Nightshift

Last week, I was chatting with someone who asked me to tell them about my stroke experience. It was an interesting conversation, for me at least.

Knicks suck!
“Fascinating stuff, Stroke Bloke.”

I love that I can’t tell whether that’s Curb Your Enthusiasm or an actual sportscast.

[For more unbearably exciting stroke-related whimsy and suchlike – the Apoplexy Tiny Letter]

For example, as I’m doing now while I type this, I took a moment to focus on the feeling in my left arm. It does feel a little heavy and tired. There is a ghost of the feeling of the big, wet, heavy, rubber arm that I imagined while I was lying in my hospital bed.

Oo-er missus, that's a bit kinky!
Thanks, cursory Google image search!

By the time I got home, a number of other memories had surfaced for the first time in a while. Not least, arriving at back at our home at the time with a walking frame and a sturdy metal cane. And how my lifestyle seven weeks earlier had been conducive to a massive hemorrhagic stroke.

Not least the hours that I kept, due in part to the time and effort I was putting into my work but also the effort to carve out some time for myself. So it was interesting to read recently about a study that Nightshifts Disrupt Rhythm Between Brain and Gut. Not least because my post-stroke sleep patterns remain under medical observation.

D'ohs and don'ts
Sounds about right

In the context of our recent jaunt to Rhode Island, it was particularly interesting to read that

[o]ne of the first symptoms people experience when traveling across time zones is gastrointestinal discomfort [because it knocks] their gut out of sync from their central biological clock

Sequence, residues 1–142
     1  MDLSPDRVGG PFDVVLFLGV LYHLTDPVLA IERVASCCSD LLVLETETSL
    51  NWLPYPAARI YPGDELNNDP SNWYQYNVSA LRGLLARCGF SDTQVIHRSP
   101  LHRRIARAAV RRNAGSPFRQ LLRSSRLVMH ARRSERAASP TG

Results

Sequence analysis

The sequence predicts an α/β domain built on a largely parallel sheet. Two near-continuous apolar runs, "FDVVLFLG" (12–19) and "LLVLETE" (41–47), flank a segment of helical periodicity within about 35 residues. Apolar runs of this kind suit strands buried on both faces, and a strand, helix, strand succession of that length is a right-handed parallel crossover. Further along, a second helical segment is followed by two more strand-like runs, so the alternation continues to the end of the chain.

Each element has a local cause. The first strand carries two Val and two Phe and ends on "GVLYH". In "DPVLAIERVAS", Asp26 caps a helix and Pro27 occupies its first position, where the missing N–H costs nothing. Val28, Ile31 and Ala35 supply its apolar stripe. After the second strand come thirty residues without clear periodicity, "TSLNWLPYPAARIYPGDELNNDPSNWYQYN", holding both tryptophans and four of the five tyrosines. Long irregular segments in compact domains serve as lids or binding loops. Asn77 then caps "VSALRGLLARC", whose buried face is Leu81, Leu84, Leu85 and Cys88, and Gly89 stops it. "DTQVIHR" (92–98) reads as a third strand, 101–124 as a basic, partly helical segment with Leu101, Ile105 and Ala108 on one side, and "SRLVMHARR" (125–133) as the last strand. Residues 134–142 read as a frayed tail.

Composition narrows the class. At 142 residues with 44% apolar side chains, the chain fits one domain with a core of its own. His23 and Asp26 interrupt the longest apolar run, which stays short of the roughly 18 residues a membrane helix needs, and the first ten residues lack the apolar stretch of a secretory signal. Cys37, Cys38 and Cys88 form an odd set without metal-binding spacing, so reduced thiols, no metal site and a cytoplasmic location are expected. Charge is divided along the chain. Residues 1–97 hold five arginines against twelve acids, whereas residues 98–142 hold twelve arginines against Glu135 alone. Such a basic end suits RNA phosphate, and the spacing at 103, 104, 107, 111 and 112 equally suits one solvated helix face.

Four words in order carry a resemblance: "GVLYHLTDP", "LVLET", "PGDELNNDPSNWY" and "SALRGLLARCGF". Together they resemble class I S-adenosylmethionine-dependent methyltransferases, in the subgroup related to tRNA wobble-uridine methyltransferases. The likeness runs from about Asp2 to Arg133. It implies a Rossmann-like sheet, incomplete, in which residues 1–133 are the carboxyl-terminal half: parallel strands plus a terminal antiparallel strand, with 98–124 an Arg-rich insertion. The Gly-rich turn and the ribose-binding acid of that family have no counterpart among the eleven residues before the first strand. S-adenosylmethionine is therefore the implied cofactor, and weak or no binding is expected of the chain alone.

Fortunately, a strict diet of coffee milk, pizza strips (not quite what you think), and Del’s lemonade can be used to alleviate these symptoms.

King Julien is sceptical
Lemurs: the Rhode Island diet of the animal world

Taking this observation about biological clocks as a jumping-off point, the study took volunteers between 22 and 34 into a sleep lab and split them into two groups. The first spent three days on a simulated day shift and could sleep from 10pm to 6am each night. The second group stayed awake for three nights in a row and were only allowed to sleep from 10am to 6pm.

Over the next 24 hours, the story continues, scientists took the volunteers’ blood every three hours and sent the samples to the University of Surrey for analysis.

Writing from my bunker at an undisclosed location
And… GUESS WHAT?!?!

Close. Measurement of hormones which rise and fall according to the body’s master clock and metabolites showed that three night shifts in a row moved the brain’s master clock by about two hours on average, and the digestive system’s clock was knocked out by 12 hours.

Body clocks!!! GEDDIT?!?!?!
BOOOOOO!!!

When we looked at the data we saw the massive twelve hour shifts, we were like, ‘wow, we did not see that coming’ – Hans Van Dongen: Crazy name, crazy guy.